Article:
Implicit in a Christian theology of creation is the idea that the details of the created world matter. To say that God generally created the earth implies that he also created its particulars, just as God’s love for the world as a whole includes his detailed love for each individual person within that world.
In her treatment of Plato’s Phaedrus, Catherine Pickstock defends Plato against the accusation that his thinking is so otherworldly that he undervalues the material earth and loses sight of its details. Pickstock writes:
As well as demonstrating that Plato did not wish to drive a wedge between form and appearance, the strongly positive view of methexis (participation) in the Phaedrus frees him from the charge of otherworldliness and total withdrawal from physicality, for the philosophic ascent does not result in a “loss” of love for particular beautiful things, since the particular participates in beauty itself. [Catherine Pickstock, After Writing: On the Liturgical Consummation of Philosophy, (Oxford: Blackwell Publishers, 1998), 14]
Whether or not Pickstock’s reading of Plato is sound, her words speak to a problem in our age: a belief that participation in the divine must lead to a loss of concern for participation in the human realm.
For example, in Christian communities, we often speak generally or abstractly about loving God, but are sometimes at a loss when it comes to loving God in particular. What does it mean to love God particularly? As John tells us, it is impossible to love God and hate our neighbor. We may say that we love God, but if we do not love the details of God as expressed in our neighbor, our love is lacklustre.
These details of the Creator God, however, are not limited to humans, but extend to the whole of the creation and also the specifics of human activity. As with our love for God, we may also say that we love our neighbor, but if we do not pay attention to and involve ourselves in the details of her life, that love is flat.
This problem in Christian communities of non-participation is manifested in many different ways, but here let us use the example of what is often referred to as “worship” in evangelical churches. Evangelicals often use this word to refer to whatever kind of song or music their church happens to play during the Sunday Service. Now, if we asked a churchgoer what is worship, most would own that worship must of course extend into the rest of daily life; it must not just be something one does on Sunday. Some more reflective churchgoers may even tell us that worship is an opportunity to focus on God.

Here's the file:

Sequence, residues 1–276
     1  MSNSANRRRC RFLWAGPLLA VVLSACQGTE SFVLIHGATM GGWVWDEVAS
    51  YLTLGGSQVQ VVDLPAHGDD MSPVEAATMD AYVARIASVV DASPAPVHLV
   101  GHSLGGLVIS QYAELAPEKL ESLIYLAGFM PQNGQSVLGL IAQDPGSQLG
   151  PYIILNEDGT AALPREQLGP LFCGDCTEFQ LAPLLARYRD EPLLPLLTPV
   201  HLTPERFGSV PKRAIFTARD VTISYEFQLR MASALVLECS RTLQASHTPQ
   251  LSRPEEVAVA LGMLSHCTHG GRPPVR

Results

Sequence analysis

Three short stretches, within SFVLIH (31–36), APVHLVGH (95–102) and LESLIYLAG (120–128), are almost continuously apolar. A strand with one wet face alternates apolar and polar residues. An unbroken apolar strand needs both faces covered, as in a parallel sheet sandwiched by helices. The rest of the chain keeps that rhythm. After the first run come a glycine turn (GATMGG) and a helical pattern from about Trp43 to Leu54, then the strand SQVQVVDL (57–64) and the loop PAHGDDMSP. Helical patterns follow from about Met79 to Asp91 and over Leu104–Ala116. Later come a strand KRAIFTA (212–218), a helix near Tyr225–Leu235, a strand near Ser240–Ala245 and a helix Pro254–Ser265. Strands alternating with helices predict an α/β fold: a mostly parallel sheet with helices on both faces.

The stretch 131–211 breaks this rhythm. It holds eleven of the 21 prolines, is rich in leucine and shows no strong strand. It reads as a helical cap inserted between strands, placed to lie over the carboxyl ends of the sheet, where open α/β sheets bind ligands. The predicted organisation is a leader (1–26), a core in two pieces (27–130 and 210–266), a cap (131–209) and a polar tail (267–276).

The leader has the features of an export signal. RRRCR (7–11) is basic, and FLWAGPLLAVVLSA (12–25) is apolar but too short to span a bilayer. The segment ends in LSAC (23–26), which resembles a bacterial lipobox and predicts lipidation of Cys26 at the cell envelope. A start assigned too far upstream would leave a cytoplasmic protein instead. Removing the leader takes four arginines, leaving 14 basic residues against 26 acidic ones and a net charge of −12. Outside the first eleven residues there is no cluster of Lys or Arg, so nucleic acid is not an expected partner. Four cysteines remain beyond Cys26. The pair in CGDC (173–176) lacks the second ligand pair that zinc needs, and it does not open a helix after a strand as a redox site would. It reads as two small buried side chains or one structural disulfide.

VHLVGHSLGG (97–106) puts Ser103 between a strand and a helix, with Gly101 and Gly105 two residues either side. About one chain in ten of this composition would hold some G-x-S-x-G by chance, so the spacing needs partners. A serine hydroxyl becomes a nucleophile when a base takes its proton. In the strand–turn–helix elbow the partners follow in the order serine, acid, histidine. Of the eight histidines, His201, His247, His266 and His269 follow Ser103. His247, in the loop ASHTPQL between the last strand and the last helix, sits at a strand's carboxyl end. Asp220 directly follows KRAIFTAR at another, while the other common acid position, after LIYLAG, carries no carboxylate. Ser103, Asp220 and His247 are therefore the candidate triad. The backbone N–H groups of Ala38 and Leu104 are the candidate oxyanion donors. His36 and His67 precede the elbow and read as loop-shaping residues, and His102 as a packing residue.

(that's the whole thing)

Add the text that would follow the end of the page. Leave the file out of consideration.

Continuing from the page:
This answer is beginning to illuminate the question, but it brings us to another question: what does it mean to focus on God? How does a worshipper focus on God in the details or particulars? To look into this question, let us turn to a story, turning our eyes from the question to see it afresh in another place.
There once was a man who loved music. He studied its details, learned to play his instrument well and listened to music constantly. He also loved his wife very much and turned his attention to love, respect, enjoy and serve her in any way he could. Together, they kept their house clean and created a peaceful space in which to work, rest and play. The man also loved teaching his piano students and set his mind to thinking up creative ways to encourage his students’ love for music.
But one day this man’s love for God was called into question, for he never did the sorts of things one expects lovers of God to do. He did not raise his hands to the heavens during the Sunday church service. He was cordial to strangers but would not go out of his way to make small talk if there was nothing to say. He was not prone to profuse verbal expressions of his love for God, nor did he care much for spontaneous prayer.
One day the question was put to him outright by a well-meaning, but distracted friend: “Do you love God?” The man looked at his friend for a moment, perplexed. After a long pause, he said, “I love music. I love my wife. I am thankful for good wine and the rain that falls on the just and unjust alike.”
If earthly life is created by and suspended from the divine, then loving the divine entails a loving the earth; love for God is expressed through participation in the earth. While God is transcendent and distinct from his creation, he is also within his creation, pouring himself into it and sustaining it by his life-giving spirit.
We love God because he first loved us. We love the world because we love God — but loving the world is the means by which we love God (and God is the means by which we love the world). To focus on God does not mean that we withdraw from the world or avert our gaze. Rather, our vision is sharpened by the realization that earthly life is divinely created and sustained.
As much as I appreciate the expression of rapture implicit in the exhortation to “turn your eyes upon Jesus,” that popular song has, for a long time, left me unsettled because of the last line: “And the things of earth will grow strangely dim in the light of his glory and grace.”
The things of earth will not grow dim as we gaze upon the the divine-human Jesus. The earth will be shockingly illuminated — all shall brighten, not fade, and our eyes shall trace its lineaments more readily than ever before. When heaven touches earth, earth does not pass away but is renewed, transformed, revealed. The divine will does not overpower the human will — the human will is caught up into the divine and is transformed into what it really is.
We do not lose our love for the particulars of the world, for it is in these particulars that God expresses himself. And as he is expressed in the world, so we too learn to love him in these expressions, knowing that when we welcome a child or entertain a stranger, we are meeting with God himself.